Fortunately, there is a solution. The ALICE pack is still popular among some ex-military who liked it during their days in the service, and also has a following among the prepper crowd8, as well as in the cheap-outdoorsman crowd (to which yours truly belongs). Someone from one or another crowd worked out how to attach the MOLLE yoke and waist belt to the ALICE frame, making what the internet calls the ALICE Hellcat9. Since I had foreseen the problems with the raw ALICE gear, I ordered some surplus MOLLE items at the same time. The MOLLE pack straps are a proper yoke, with padding for the upper back; the MOLLE waist pad is gigantic—it wraps around nearly to the front of my hips—and both stiffer and softer than the ALICE equivalent.

I won’t repeat the build instructions here; you can find them pretty easily by searching for ‘ALICE Hellcat’. After some time spent in assembly10, and some time spent with a kitchen lighter melting a frayed strap end back to something approaching integrity, I was ready to try it out. Most of my camping gear lives away from my apartment, so I had to improvise. A pillow on the bottom of the pack simulated a sleeping bag. A pair of ammo cans and a bunch of 7.62×39 simulated my heavy kit—rations, tent, mess and cooking equipment. Those ended up pushed against the frame by ‘clothes’, another pillow stuffed in the front and top of the pack. I cinched everything down, put the pack on, and tightened up up the straps. All told, the load was about 35 pounds, and the pack weighs five or six pounds itself.

And it was surprisingly comfortable. I’ve heard bad things about ALICE, even with the MOLLE upgrades, but in ten minutes of wearing the pack around my apartment11 with a fairly heavy load by backpacking standards12, I experienced neither the bounce and wobble people talk about (the MOLLE waist belt doesn’t quite fit the ALICE frame perfectly; it’s a touch loose) nor the frame digging into my back at any point. I should note that I’m very nearly ALICE-sized: the frame was designed with a 5’10” man in mind, and I am a 5’9″ man. Larger or smaller people may have different experiences. The MOLLE straps in particular are a worthwhile investment. Proper padding at the top of the pack is payoff enough for the price of admission. Beyond that, they also have a sternum strap and load-adjustment straps, so you can change the weight balance between hips and shoulders on the fly. Beyond the serious ergonomic gains, I now have some spare ALICE attachment straps I intend to loop through some of the lashing points for utility purposes. For instance, they may carry my Pattern 37 British canteen, so I have some water on the outside of the pack. In a similar vein, I expect I could use them to secure other parts of my Pattern 37 webbing to the pack if I need extra capacity.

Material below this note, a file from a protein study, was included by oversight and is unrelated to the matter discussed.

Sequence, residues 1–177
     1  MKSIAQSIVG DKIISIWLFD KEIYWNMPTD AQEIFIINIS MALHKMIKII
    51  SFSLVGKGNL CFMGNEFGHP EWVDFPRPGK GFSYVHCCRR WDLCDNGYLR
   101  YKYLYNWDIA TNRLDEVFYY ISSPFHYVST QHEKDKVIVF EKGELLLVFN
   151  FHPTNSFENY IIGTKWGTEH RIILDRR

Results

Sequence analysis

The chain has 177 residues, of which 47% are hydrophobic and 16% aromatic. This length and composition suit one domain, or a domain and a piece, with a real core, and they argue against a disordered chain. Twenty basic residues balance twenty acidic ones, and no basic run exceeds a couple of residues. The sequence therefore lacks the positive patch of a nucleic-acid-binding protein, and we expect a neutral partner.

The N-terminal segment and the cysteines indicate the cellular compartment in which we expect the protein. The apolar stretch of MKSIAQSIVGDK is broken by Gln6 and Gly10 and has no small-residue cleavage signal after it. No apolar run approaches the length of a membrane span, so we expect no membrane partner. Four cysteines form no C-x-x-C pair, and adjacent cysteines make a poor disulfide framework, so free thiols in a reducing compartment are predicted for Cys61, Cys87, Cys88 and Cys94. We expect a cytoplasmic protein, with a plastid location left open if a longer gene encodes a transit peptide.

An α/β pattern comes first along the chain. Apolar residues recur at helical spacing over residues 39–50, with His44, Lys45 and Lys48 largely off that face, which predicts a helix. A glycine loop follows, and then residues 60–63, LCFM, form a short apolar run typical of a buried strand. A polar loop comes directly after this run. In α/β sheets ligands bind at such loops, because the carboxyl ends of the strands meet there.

That’s all the testing I did—or at least all the testing I’m going to report before the inaugural trip. “It works in my apartment” is not a ringing endorsement of outdoors gear, and there are some outstanding questions about this setup. Will my frame attachment straps hold? Does the pack provide adequate access to supplies on the march? Will the lack of waterproofing be a serious problem? The trip is in about two weeks, and although it’s only an overnight, it should provide a much better indication of how the Hellcat Light works in actual practice. Expect Part II after I return.


  1. It’s my understanding that frame packs were issued starting in about 1965, but they were issued alongside the 1956 and 1967-pattern load-carrying gear, rather than being part of either set. 
  2. I think a reasonable marker for modern load-carrying gear is, “Has an associated frame pack.” By that measure, the British didn’t have modern load-carrying gear until the Pattern of 1985 PLCE.